Nine agricultural courses obtain professional diploma status, to start the next session


As of the next academic year, nine fields, including agriculture and horticulture, will be recognized as professional fields. Admission to these courses will be based on a common entrance test. The state government announced the decision after receiving mandatory authorization from the Indian Agricultural Research Council (ICAR), an autonomous organization under the Union Ministry of Agriculture. Of the 12 courses that the state government had offered for recognition as professional courses, nine were granted status. Courses offered at the undergraduate level include agriculture, horticulture, agricultural engineering, sericulture, forestry, food technology, biotechnology, home or community science, food nutrition, and diabetes.

Experts said the move came after several years of demands, mostly from the Indian Agricultural University Alumni Association. “The decision should not only streamline Allied prices, but also give current agriculture a desired boost,” they added. Former Mahatma Phule teacher from Pune Krishi Vidyalay said, “This is a welcome decision. From now on, the Department of Agriculture will obtain a technical status. This will benefit the entire industry.

According to agro-experts, this decision will also increase student participation, allowing them to express themselves on issues related to seed quality, water conservation and soil quality. “As the courses have acquired professional status, they can now include specialist requirements for related topics in agriculture. Indian agriculture increasingly needs attention at the micro level, ”he added. Jalyukta Shivar, one of the Maharashtra government’s flagship water conservation programs, was best implemented under the supervision of hydrologists and agricultural engineers, who were tasked with calculating the seepage water and runoff in areas facing crisis throughout the year.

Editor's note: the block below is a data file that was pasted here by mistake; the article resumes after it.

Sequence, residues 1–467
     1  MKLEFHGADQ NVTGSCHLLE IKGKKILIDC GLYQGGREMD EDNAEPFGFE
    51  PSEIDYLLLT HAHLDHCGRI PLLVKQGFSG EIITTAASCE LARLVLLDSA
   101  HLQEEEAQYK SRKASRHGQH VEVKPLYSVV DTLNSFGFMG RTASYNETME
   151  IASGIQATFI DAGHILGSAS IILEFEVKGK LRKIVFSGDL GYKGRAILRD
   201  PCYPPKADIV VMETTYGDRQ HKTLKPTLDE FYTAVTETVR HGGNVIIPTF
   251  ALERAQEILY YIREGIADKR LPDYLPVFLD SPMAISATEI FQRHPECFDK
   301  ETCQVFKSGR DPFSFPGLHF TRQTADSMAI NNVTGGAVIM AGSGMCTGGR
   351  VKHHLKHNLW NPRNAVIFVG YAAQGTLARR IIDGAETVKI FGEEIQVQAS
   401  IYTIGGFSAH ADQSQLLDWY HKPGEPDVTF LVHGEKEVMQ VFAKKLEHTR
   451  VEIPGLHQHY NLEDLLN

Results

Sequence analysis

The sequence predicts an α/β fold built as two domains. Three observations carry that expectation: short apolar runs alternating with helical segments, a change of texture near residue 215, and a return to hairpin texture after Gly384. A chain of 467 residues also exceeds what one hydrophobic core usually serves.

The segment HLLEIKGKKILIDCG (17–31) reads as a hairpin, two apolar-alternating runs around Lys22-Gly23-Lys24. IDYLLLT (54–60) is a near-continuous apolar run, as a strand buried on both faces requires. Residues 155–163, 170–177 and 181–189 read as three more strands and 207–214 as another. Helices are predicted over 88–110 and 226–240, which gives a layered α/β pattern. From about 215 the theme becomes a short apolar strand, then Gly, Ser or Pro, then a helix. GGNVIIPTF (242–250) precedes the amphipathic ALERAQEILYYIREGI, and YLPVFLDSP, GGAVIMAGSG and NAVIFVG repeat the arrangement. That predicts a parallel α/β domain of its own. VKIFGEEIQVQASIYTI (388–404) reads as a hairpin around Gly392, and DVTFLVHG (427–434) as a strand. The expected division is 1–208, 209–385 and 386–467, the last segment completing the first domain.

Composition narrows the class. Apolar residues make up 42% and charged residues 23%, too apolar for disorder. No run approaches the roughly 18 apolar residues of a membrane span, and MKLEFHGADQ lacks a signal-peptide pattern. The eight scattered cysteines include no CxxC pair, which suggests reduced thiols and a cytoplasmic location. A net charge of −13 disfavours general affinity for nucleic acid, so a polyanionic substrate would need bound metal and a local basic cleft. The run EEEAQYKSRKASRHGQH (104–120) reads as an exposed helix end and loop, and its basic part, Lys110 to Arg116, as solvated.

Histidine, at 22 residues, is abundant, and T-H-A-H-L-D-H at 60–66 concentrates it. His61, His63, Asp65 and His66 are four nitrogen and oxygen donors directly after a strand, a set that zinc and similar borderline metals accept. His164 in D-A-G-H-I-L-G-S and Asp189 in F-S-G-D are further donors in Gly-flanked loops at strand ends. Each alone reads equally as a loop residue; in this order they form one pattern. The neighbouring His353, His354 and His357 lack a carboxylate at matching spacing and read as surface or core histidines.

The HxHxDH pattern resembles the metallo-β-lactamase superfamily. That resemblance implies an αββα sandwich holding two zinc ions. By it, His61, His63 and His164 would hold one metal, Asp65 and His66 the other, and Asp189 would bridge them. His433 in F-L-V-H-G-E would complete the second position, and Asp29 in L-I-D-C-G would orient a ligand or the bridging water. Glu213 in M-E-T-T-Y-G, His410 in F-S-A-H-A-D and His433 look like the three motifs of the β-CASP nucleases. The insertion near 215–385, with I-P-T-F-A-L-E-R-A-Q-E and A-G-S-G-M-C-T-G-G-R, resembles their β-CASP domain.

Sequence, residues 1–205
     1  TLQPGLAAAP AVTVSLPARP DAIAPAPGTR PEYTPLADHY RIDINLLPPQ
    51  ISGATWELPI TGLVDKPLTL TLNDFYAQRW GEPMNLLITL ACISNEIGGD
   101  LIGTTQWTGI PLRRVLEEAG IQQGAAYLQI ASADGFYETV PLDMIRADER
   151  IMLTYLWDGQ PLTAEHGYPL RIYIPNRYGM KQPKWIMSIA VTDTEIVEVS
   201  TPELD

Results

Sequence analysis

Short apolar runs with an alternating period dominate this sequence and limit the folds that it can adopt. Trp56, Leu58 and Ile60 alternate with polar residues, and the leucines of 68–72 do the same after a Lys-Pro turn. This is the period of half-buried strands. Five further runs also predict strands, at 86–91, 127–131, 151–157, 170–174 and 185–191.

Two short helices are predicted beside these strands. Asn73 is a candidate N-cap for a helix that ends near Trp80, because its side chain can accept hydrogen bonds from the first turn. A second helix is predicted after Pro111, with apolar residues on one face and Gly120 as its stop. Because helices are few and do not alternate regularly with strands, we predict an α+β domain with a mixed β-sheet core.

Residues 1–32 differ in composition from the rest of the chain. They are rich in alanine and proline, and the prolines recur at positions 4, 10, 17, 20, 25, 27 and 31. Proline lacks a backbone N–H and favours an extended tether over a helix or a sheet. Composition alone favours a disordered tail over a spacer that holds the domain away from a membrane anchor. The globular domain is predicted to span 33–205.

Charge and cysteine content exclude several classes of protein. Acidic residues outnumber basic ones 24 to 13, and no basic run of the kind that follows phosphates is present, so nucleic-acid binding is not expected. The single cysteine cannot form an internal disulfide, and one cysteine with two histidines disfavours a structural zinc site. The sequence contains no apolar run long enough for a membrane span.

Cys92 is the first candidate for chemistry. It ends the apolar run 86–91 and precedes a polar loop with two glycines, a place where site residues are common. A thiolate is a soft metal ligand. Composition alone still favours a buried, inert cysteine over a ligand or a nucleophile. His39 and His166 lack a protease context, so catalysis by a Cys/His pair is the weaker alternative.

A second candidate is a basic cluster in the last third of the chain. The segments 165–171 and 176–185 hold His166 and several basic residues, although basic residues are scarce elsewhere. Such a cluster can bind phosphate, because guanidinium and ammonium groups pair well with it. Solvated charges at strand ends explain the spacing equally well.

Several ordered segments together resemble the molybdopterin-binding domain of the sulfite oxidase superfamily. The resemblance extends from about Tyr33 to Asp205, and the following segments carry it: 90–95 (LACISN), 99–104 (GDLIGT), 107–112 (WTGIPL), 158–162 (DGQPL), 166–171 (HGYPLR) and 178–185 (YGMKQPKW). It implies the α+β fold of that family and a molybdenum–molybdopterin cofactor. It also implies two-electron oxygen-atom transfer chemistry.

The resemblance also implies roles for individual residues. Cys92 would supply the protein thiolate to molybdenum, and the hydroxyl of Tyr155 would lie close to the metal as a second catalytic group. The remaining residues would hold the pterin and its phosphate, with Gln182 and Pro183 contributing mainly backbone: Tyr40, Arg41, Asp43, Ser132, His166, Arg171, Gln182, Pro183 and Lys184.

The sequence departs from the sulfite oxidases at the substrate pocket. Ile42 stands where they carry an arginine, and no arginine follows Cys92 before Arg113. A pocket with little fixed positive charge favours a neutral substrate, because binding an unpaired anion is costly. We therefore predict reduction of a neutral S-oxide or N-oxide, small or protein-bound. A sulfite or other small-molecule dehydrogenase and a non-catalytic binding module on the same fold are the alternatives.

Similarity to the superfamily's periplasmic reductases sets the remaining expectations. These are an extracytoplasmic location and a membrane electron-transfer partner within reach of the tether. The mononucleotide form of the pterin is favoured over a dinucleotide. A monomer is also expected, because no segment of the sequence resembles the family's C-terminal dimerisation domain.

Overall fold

In addition, the change in the nomenclature of the course can also supplement the courses at the secondary level of agriculture.

A senior official from the Meteorological Department of Agriculture of India said, “This will help improve the secondary stage of agriculture, including quality testing, planning of agriculture and exports. Climate resilient measures in agriculture can also be introduced and targeted. In 2016, the 5th committee of the dean of agriculture revised the program. At least 70 percent of all agricultural colleges’ curriculum is similar. Individual universities in different regions of the state, however, have included subjects as per the requirements of the respective regions.

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